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J&J Profit Jumps, Boosted Overseas by Weak Dollar

Johnson & Johnson said Tuesday its fourth-quarter earnings rose almost 10 percent, beating forecasts, as the weak dollar propelled overseas sales of its drugs, medical devices and consumer products.

Johnson & Johnson
AP
Johnson & Johnson

The diversified health-care company earned $2.37 billion, or 82 cents per share, compared with $2.17 billion, or 74 cents per share, in the year-earlier period.

Excluding special items, J&J earned 88 cents per share.

Analysts polled by Reuters Estimates, on average, had expected 86 cents per share. The items included a charge of $441 million related to its poorly selling heart-failure drug Natrecor and a $267 million tax gain.

The company's global sales jumped almost 17 percent to $15.96 billion, well ahead of the Reuters Estimates forecast of $15.37 billion. Growth would have been 4.7 percentage points less if not for the weak dollar, which boosted overseas sales.

Overseas sales surged 26 percent, with favorable foreign exchange factors accounting for 10.5 percentage points of that growth.

Quarterly global sales of prescription drugs rose 7.5 percent to $6.4 billion. Anti-psychotic medicines, including schizophrenia treatment Risperdal, rose 15 percent to $1.22 billion, despite strong competition from rival products such as Bristol-Myers Squibb's Abilify schizophrenia drug.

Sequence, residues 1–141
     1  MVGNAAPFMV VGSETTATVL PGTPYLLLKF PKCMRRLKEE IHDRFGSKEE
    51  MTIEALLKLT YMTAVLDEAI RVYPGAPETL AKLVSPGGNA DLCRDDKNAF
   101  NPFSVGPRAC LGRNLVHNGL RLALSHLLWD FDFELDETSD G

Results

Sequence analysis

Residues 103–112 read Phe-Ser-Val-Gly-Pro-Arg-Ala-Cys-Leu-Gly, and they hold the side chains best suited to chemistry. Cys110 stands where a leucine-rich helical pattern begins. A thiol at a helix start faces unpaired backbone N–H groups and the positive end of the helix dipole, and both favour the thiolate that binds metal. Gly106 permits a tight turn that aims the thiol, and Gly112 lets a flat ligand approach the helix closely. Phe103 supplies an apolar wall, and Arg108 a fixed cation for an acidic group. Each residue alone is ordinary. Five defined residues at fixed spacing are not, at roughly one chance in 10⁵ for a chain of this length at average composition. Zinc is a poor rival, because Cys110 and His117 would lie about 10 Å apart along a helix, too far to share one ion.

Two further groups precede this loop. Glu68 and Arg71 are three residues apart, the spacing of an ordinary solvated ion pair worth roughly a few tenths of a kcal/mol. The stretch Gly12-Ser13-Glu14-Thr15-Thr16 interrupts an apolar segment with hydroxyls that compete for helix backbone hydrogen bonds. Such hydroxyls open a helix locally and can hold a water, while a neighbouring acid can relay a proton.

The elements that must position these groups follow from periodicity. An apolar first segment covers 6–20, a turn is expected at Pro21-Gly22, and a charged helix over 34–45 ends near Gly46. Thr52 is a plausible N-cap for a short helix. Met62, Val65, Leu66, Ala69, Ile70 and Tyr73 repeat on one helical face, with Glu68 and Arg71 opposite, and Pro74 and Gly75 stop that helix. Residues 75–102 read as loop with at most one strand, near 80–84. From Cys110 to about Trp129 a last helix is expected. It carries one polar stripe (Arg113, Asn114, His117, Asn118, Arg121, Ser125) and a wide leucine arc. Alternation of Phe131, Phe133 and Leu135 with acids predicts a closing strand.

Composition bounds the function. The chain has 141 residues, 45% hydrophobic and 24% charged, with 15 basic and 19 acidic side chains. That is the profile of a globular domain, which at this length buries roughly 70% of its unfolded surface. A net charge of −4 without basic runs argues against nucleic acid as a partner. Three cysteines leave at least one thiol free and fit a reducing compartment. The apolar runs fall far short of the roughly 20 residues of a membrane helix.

Concerta, for attention deficit disorder, rose 12.5 percent to $289 million, while sales of injectable arthritis treatment Remicade jumped 16 percent to $908 million. Epilepsy drug Topamax grew 23 percent to $652 million, helped by increasing use of the medicine to also treat migraine headaches.

But sales of anemia medicines Eprex and Procrit continued to suffer from safety concerns, falling 20 percent to $628 million.

Medical device sales in the fourth quarter jumped 11.3 percent to $5.75 billion, helped by higher sales of the company's DePuy orthopedic products and J&J's diagnostics and vision care brands.

But global sales of J&J's Cypher stent, used to prop open arteries that have been cleared of plaque, plunged 31 percent to $415 million as rival products wrested away market share and doctors continued to perform fewer stent procedures due to concerns such devices can increase risk of dangerous blood clots.

Revenue from consumer products jumped almost 49 percent in the quarter to $3.81 billion, largely due to an array of products recently acquired from Pfizer , including Listerine mouthwash.

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